The Central African Republic (CAR) has been in a civil war for more than five years.
The original conflict between southern Christians and Muslims from the North has been superseded by ethnic divisions as the main driver of violence.
The government and the United Nations struggle to reach certain areas of the country in order to offer services needed as a result of the ongoing conflict.
The only solution they have is to utilise the services of the Boy Scouts.
The Boy Scouts turn out to be the last functional national institution in the country.— Simon Allison, Africa Editor for Mail and Guardian
They have Boy Scout troops in all 16 provinces in smaller towns and big towns. These are the places where the government doesn't have any representation because CAR is in the middle of a civil war.— Simon Allison, Africa Editor for Mail and Guardian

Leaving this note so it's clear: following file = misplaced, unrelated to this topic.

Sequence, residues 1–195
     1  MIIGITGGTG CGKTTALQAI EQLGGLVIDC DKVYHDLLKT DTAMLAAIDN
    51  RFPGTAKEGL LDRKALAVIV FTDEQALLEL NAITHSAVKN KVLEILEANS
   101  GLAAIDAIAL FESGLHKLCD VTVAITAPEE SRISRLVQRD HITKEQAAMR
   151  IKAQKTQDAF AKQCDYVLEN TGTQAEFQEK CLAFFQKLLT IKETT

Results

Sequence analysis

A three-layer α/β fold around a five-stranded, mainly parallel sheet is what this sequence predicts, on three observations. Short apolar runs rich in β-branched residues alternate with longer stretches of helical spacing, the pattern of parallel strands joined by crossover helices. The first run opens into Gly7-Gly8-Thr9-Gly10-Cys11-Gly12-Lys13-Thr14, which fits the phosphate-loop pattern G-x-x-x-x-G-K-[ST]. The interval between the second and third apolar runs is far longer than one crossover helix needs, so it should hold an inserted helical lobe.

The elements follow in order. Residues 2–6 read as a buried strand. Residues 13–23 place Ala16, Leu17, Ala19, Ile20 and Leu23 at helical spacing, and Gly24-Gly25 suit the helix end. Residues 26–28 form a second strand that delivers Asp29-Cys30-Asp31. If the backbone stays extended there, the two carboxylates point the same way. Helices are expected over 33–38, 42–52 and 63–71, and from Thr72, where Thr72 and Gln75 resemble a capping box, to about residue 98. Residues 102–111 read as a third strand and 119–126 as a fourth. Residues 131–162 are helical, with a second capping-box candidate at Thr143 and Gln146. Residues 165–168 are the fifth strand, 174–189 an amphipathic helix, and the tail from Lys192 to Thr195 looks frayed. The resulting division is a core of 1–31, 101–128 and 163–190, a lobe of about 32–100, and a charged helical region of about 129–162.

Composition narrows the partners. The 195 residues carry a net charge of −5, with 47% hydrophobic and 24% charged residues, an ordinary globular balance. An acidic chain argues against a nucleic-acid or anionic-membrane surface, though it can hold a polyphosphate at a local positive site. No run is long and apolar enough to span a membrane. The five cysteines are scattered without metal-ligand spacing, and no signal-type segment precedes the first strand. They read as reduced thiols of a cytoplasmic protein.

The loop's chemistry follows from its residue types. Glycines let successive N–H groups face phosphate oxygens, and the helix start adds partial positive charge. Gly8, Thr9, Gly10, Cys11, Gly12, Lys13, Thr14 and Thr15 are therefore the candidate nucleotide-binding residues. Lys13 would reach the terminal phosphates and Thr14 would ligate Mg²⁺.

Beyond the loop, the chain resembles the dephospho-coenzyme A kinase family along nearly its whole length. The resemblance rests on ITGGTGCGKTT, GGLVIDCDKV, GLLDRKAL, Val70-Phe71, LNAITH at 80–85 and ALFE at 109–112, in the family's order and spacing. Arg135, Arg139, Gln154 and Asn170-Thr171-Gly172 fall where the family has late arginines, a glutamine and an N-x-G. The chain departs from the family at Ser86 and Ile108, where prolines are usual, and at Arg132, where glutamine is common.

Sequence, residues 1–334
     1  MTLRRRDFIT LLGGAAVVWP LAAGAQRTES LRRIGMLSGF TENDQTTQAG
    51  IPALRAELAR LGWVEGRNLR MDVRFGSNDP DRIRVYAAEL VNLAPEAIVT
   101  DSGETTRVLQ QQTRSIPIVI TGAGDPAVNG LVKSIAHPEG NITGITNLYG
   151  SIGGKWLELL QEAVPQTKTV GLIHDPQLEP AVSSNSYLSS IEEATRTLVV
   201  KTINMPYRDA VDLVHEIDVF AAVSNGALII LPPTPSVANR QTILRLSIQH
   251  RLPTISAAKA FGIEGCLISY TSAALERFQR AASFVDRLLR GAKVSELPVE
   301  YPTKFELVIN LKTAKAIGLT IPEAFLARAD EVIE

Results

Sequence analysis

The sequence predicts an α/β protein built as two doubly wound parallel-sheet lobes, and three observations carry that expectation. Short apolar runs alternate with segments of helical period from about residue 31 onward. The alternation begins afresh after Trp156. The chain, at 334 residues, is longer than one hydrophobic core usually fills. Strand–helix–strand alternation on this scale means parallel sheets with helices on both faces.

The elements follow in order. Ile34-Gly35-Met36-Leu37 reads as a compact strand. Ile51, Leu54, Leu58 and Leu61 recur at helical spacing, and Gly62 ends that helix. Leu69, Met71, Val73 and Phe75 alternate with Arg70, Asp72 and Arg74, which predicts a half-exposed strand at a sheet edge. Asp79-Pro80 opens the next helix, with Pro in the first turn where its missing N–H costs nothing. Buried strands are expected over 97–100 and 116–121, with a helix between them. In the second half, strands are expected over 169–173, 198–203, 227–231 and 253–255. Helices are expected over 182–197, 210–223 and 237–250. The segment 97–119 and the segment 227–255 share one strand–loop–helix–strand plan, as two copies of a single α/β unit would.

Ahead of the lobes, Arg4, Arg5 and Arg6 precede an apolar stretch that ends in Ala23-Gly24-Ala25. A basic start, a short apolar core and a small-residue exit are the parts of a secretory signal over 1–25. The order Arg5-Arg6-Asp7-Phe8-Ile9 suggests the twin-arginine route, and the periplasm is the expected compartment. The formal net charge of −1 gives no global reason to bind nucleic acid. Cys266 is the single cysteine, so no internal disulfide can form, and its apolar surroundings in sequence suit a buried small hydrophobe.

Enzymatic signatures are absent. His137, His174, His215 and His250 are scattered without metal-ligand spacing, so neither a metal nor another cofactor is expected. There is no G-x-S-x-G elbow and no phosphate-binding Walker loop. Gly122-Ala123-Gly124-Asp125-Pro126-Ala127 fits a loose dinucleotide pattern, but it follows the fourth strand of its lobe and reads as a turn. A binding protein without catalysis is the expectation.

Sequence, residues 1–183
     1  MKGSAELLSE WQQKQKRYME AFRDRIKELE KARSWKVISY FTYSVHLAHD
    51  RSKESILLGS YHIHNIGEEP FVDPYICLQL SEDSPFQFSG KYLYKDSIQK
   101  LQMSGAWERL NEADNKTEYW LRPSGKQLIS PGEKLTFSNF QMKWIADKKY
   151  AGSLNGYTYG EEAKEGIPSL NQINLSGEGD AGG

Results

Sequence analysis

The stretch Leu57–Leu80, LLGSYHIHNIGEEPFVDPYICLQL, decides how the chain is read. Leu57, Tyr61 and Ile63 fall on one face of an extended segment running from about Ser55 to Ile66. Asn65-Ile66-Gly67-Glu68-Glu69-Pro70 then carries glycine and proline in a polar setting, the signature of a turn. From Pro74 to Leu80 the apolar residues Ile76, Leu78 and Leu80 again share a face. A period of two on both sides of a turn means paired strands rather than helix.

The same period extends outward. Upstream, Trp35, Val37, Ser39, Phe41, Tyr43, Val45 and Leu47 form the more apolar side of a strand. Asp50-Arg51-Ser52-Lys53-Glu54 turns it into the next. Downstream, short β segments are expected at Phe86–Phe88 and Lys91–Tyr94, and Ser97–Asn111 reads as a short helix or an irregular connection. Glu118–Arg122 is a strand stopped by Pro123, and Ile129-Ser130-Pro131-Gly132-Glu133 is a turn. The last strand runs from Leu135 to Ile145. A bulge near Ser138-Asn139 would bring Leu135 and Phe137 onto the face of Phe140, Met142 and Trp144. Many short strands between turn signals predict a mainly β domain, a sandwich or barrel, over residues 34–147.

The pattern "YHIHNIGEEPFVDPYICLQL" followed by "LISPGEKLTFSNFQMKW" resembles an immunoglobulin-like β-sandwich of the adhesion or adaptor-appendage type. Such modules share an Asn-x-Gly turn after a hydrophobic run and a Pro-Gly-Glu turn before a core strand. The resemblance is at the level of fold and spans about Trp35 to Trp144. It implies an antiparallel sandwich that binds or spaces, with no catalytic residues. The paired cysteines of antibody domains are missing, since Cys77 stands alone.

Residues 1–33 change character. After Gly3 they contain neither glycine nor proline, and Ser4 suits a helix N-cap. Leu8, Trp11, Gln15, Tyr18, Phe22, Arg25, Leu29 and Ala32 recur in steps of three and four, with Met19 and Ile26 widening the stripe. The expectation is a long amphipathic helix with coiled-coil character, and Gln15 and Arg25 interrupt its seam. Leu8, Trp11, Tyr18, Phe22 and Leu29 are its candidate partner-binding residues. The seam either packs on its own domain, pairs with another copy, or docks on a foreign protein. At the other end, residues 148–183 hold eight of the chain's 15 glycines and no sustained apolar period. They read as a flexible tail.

The peacekeepers operate in their armoured vehicles and there are so many places they can go. They can't get into rural areas. Whereas the Boy Scouts can.— Simon Allison, Africa Editor for Mail and Guardian
They are able to communicate across the country and to implement things like vaccinations across the whole country.— Simon Allison, Africa Editor for Mail and Guardian
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This article first appeared on 702 : The Boy Scouts come to the rescue in Central African Republic